With ever increasing workload in primary care, GP practices are employing more locums than ever before. On average, GP locum usage has increased by 19.6%, data from a locum website has revealed.
My online locum website RLocums.com [www.rlocums.com], released figures from our 5,500-strong membership, finding that practices booked an average of 110 hours of locum work on the website in 2014/15 compared with 92 hours in 2013/14.
I think that this has been a tough year for General Practice. Increased workload has prompted more GPs to retire early or resign from their salaried/partnership post. Some GPs are even thinking about emigration. This has contributed to a higher demand for locum GPs. On top of this, new GP graduates prefer to locum due to the attractive pay, quality of life and reduced paperwork responsibilities.
This year, we have also seen an increase in the number of career locums – these are GPs who in the past may have aspired to become partners or have the stability of salaried positions – now preferring to work full-time on a freelance basis. This may be because it is now easier to fill your calendar with sites like RLocums, so finding enough locum work to give a stable income is no longer a concern. Moreover, I think people genuinely enjoy the freedom and flexibility that being a locum brings.
The company has found that despite a minor increase of 1.6% compared to 2014, average GP locum rates across the UK have remained broadly the same at £83.69/hr.
More GPs are choosing to supplement their salaried/partnership income with locum work. RLocums data reveal that on average GPs earn £7,600 per year doing additional locum work, an increase of £1,900 (33%) compared to last year.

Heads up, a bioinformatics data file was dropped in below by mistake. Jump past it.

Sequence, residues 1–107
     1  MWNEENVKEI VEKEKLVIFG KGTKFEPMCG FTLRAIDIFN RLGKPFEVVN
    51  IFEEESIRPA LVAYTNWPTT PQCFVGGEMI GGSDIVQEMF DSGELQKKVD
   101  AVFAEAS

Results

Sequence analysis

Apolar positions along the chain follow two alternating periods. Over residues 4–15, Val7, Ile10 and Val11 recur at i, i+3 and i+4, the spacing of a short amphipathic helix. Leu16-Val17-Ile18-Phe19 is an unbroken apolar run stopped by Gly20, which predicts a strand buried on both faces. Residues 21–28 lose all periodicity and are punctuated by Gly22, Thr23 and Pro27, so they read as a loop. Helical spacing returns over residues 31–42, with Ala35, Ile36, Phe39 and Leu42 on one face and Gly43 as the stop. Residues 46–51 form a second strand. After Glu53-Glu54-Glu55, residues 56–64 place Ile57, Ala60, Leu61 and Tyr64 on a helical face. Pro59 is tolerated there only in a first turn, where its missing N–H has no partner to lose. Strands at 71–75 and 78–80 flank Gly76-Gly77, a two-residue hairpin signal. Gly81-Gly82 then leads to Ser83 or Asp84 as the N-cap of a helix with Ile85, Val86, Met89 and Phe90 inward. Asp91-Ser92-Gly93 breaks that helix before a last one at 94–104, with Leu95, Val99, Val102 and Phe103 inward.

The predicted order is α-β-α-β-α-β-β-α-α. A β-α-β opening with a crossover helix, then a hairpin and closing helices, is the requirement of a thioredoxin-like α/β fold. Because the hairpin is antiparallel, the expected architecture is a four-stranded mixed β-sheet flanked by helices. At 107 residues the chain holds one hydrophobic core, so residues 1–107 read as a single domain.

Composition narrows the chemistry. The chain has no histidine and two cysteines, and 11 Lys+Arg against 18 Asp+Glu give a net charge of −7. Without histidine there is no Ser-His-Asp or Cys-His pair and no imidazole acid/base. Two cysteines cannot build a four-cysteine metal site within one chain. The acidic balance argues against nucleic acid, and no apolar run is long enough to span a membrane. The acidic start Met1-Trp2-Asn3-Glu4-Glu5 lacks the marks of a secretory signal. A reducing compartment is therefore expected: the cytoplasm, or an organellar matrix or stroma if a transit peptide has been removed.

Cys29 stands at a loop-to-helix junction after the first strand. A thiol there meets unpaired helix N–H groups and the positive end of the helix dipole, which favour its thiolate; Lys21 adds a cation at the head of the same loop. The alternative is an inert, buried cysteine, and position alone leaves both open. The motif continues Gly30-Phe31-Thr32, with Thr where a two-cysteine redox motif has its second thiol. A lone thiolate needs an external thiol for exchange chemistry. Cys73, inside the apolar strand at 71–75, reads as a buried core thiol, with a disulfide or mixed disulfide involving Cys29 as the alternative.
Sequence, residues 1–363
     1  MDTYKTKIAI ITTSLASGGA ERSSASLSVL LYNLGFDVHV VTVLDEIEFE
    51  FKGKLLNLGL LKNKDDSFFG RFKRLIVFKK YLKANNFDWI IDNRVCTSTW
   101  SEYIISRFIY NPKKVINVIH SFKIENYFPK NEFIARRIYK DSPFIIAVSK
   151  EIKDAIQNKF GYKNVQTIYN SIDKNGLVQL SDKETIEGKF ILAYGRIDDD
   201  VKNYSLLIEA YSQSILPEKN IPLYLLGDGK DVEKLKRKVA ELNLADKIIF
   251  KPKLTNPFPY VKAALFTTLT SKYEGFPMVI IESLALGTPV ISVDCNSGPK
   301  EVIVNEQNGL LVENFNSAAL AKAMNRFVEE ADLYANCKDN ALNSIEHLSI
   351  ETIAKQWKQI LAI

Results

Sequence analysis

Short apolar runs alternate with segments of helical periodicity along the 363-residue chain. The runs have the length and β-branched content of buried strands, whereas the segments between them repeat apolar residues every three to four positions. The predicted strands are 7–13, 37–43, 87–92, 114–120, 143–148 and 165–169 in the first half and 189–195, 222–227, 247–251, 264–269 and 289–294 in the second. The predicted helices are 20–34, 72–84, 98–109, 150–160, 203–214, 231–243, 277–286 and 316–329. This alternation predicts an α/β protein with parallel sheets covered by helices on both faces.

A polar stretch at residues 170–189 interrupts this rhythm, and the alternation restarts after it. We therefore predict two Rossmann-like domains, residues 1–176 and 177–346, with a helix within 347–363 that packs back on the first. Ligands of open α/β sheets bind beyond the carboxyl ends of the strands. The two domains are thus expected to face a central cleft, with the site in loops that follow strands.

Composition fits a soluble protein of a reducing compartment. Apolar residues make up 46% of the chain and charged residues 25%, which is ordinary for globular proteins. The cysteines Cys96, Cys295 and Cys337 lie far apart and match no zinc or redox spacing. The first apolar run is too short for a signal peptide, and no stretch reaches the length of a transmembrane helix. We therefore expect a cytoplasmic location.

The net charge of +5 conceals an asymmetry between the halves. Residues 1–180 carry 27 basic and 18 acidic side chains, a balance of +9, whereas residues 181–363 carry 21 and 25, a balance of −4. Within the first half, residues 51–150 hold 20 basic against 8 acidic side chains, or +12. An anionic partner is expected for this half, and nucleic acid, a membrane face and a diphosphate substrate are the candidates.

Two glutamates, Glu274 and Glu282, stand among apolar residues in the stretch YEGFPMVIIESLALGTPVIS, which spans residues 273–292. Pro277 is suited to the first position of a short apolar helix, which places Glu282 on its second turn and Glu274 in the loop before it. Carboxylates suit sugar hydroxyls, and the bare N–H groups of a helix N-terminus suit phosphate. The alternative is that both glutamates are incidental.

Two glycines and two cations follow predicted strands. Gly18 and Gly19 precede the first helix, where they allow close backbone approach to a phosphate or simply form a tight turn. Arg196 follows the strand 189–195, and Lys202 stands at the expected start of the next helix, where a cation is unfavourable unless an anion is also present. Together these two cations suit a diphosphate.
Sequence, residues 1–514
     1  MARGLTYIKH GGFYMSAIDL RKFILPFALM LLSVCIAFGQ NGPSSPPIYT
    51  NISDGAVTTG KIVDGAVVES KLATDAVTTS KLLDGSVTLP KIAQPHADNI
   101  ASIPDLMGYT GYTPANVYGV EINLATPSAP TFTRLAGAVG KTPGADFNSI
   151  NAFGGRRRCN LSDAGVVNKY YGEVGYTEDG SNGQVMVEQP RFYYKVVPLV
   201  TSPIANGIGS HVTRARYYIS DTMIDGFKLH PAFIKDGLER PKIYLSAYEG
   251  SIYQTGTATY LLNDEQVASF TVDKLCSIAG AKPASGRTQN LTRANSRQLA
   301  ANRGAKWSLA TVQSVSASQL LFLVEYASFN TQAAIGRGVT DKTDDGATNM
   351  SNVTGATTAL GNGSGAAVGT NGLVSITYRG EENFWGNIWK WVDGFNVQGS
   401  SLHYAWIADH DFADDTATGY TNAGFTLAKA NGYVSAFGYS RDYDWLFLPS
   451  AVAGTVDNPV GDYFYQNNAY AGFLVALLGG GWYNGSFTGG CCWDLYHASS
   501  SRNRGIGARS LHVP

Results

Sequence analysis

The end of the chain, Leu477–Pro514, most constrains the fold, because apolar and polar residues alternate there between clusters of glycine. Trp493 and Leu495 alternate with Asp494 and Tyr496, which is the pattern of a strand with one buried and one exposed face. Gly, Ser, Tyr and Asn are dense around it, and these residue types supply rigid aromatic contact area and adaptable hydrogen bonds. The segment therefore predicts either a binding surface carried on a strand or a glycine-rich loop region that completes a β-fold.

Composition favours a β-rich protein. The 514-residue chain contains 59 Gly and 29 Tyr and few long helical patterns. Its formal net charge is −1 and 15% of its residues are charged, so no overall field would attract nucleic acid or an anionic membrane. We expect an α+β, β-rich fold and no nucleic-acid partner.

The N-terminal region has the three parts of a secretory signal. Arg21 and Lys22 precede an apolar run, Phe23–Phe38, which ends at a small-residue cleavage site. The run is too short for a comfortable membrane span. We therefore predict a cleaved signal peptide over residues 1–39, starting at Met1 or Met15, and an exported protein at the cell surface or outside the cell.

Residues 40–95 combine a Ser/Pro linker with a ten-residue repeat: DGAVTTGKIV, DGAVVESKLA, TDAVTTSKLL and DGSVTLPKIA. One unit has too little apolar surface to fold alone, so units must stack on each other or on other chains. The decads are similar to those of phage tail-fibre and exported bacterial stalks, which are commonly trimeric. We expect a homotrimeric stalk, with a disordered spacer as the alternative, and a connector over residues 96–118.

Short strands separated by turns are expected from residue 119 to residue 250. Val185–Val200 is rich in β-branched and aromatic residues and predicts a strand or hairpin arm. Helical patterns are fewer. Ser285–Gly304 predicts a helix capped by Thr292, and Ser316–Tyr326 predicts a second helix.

When RLocums surveyed GPs on the ground one locum from London said ‘It’s never been a better time to be a sessional or locum GP.’
Others members told us they had resigned from a partnership due to excessive workload, and one who cited 16-17 hour days now works as a part-time locum and easily finds enough work.
Previously becoming a locum did not guarantee GPs a steady income, but nowadays the demand for locums is so high that this is no longer an issue.
One locum using our website commented yesterday that they could fill their diaries three times over if they wanted.
Another reason GPs hesitate to become locums is that it’s more difficult to get involved in CCG and other work such work. Locums tend to get left out of the loop and this is an area that still needs to be improved.
And it’s hard work moving from workplace to workplace. Some practices are better than others but some might be quite chaotic. Some practices are very nice and they make you cups of teas but whereas others just expect you to fend for yourselves – you can feel less like you are a part of a team.
This is likely why locum groups are becoming increasingly popular. In professional groups such as the one I lead in Brighton, you can give each other peer support, discuss cases and have monthly meetings – valuable to all of us. Still, it can take time to get used to the way a particular practice works.
Never the less, like many other GPs I believe that the trend for career locum work will continue as a way of improving work/life balance. Jeremy Hunt needs to be careful not to alienate the profession over the next 12 months: the latest GP-bashing headlines in the media, such the recent one about disciplining GPs for over-prescribing antibiotics, have been unhelpful and demoralising.
If I had to make a prediction for the next 12 months, I’d guess that working conditions for partners and to some extent salaried GPs will continue to deteriorate. This will continue to damage morale and the recruitment crisis will continue.
At some point the Government will realise that general practice is actually very cost effective and decide to invest more – this will then improve the situation again.
But until then, I don’t see this trend towards locum work abating.
Dr Steve Leung is a GP in Brighton and medical director and founder of RLocums.